Question for reader…
“I see a barrier, at least in my area, to imaging houses for the real estate industry. The real estate companies do not want to list dwellings as anything less than perfect, or passing because of the fear it will be detrimental to the sale. As we all know, perfection is unattainable and the passing grade is rather arbitrary in the mind of the real estate agent. I am working on a sort of grading system for dwellings, say A through D, that can take into account the existing conditions of all forms of dwellings.
The intent is to establish a kind of efficiency grade that can be posted on a structure to give the purchaser, the real estate agent and the seller some measurable idea of what kind of investment will be necessary to bring the dwelling up to the standard required to the buyer. This kind of firm measurable estimate should be repeatable so I have to remove objections based on the measurement being arbitrary.”
So here’s the question, “Has there been any previous work in the direction of establishing a repeatable, efficiency estimation for an audit, to use on building ? I would not want to reinvent the wheel on this, so I ask what has been done before. I fully expect there are people who retrofit dwellings, that would take a sub-standard building and improve it to make money on the turn around. I would like to make money with them.” What’s your thoughts on that, Peter?
Peter: I think that you were very correct when you said you were going to have a long winded question – hopefully I can address it here. Now I’m assuming that when the question talks about efficiencies that we’re talking about the building envelope for insulation – I heard you say they want to create a grading system. You know, anybody on this call can download the Resnet standards. They have established grade levels one, two, three, etc, as far as the level of deficiencies.
Now I guess, you know, my part that I would tell all the listeners on this call, I’m not a person who believes in incorporating initially infrared into the real estate transaction, but rather as a problem solver – that’s the way I view it. As far as a home being perfect, I am a building inspector by trade – people don’t ask me, and the real estate agent specifically doesn’t ask, “Hey can you do an energy evaluation of this home?” This question is pretty correct in that they don’t want to see anything negative on a report. But you know, I’m not sure this question is – I mean I want to make sure that everybody’s kind of guided in the right direction, that you’ve got to decide what you want to do with your business, and I believe that there’s an opportunity for efficiency.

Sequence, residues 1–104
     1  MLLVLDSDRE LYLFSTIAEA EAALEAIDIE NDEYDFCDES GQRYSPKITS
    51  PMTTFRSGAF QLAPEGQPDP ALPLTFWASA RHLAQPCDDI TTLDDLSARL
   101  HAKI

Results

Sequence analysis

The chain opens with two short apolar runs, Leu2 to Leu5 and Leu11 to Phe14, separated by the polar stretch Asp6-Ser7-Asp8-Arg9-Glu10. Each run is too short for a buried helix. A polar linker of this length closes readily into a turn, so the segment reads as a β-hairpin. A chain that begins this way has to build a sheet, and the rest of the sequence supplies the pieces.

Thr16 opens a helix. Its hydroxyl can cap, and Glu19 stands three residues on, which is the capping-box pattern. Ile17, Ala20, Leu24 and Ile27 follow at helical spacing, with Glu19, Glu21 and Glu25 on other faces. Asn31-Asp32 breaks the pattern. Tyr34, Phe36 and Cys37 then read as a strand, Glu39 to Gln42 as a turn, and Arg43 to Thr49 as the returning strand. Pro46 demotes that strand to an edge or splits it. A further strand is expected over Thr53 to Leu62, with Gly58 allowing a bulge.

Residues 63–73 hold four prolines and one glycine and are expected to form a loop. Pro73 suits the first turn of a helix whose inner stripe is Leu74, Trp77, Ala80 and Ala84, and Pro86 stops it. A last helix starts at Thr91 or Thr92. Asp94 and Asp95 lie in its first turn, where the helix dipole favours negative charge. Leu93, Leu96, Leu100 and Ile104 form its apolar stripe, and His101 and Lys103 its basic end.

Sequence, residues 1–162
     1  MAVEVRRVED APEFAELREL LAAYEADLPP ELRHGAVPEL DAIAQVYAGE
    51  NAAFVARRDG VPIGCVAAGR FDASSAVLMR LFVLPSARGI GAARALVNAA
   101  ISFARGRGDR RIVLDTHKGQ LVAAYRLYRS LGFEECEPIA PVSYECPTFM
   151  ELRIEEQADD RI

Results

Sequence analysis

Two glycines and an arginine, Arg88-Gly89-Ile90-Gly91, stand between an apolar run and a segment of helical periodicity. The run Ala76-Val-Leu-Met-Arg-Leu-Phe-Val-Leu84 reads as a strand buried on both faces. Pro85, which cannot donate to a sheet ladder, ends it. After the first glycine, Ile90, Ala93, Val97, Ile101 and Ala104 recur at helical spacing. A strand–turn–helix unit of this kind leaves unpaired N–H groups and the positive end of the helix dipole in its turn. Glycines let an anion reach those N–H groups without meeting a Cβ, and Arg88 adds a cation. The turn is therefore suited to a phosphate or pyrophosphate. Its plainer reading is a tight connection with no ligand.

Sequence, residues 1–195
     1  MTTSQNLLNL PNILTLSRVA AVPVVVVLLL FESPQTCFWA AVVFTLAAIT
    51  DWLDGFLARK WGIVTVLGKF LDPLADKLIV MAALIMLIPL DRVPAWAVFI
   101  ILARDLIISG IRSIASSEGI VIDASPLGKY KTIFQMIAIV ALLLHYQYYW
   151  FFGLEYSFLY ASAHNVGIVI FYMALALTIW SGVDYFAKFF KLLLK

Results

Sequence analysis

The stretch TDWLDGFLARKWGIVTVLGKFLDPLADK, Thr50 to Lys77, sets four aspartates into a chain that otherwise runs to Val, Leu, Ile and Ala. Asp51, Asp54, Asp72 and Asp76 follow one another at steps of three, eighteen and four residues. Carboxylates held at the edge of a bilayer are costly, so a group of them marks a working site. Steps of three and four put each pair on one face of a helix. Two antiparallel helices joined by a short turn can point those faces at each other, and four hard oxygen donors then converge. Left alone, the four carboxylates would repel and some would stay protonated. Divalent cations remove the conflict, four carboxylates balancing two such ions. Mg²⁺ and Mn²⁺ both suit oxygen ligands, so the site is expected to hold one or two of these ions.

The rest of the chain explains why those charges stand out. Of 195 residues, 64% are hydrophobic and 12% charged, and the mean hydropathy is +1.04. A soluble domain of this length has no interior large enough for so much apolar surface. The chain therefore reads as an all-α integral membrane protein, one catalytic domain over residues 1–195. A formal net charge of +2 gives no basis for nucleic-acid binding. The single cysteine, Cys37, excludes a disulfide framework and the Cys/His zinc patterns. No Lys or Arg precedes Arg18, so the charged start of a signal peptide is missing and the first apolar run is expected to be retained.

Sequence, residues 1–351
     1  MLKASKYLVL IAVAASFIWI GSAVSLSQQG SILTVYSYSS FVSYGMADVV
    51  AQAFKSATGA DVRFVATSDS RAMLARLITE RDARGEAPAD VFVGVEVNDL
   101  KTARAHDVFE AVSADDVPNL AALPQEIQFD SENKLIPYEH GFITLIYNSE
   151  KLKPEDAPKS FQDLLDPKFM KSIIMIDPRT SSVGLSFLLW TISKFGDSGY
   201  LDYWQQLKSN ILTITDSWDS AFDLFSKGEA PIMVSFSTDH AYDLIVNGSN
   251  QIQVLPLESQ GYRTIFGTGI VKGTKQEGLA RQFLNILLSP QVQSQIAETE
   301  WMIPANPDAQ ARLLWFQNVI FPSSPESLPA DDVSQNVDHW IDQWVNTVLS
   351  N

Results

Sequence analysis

But I don’t know that I would necessarily want to go out and grade homes that are on the real estate market because, like he mentioned in the beginning of his question, that people are going to probably not want to hear it. Whereas once somebody has had a chance to get their first utility bill and they’re upset, that’s where the solution comes in. So I’m a believer that when I go out and evaluate properties, I educate them and advise them about the options that will be available to them later.
When they move in and they find hey, there’s some draughts in this house, it just seems cold in this one room – and that’s where thermal imaging can solve it. And of course at that time when I tell them about it, if they choose to have us come in and that’s the case, but as far as using it as a selling point, I guess that would be a pretty confident seller, to hire somebody for that. So it might be a tough market to go after.
Dean: Yeah, I know where I am down under in the Australia and New Zealand markets – where I do a lot of thermal imaging we have what’s called “the leaky home problem” – it’s in Canada and New Zealand in particular. Now, buyers actually want to see reports, thermal imaging leak and moisture detection reports, it’s actually becoming common knowledge in the marketplace to do thermal imaging when buying a home. It’s not on the energy side, it’s more testing whether there’s any moisture behind the walls, or whether the property is leaking.
Now that’s the majority of my market and I do about eight or nine inspections a week in the real estate market, so obviously it’s different in certain parts of the world, but for those of you listening I’ll let you know that some real estate agents, when they can’t sell a property when it’s stuck on the market for at least a week or so, they are now advising the seller … “hey why don’t you get a test done and a report to show that it is not leaking or there’s no moisture behind the wall”, and I do that with moisture testing equipment – a moisture metre, and the thermal imaging camera.
That’s just one angle I’ve touched on that in the thermal imaging quick start guide which a lot of you know about.
Peter: Yeah, let me just further extend on your part – –
Peter: The moisture part is, you know a different scenario, obviously everybody wants to know the answer on moisture, but once again it’s always a situation where, you know, the conditions have to present themselves because due to evaporative cooling areas will appear dry on a surface, whereas the moisture metre and other tools will be necessary. But we do find a large percentage of business opportunities with – in the real estate transaction on moisture, and by far it’s actually in my personal business, the largest source of my money making is on chasing water.
Dean: Yeah, yeah, and exactly the same on my side of the fence too. Like Peter said, leak detection is where the majority of his cash flow comes from, it’s the same for me. Consider looking for water leaks as a part of your IR business!
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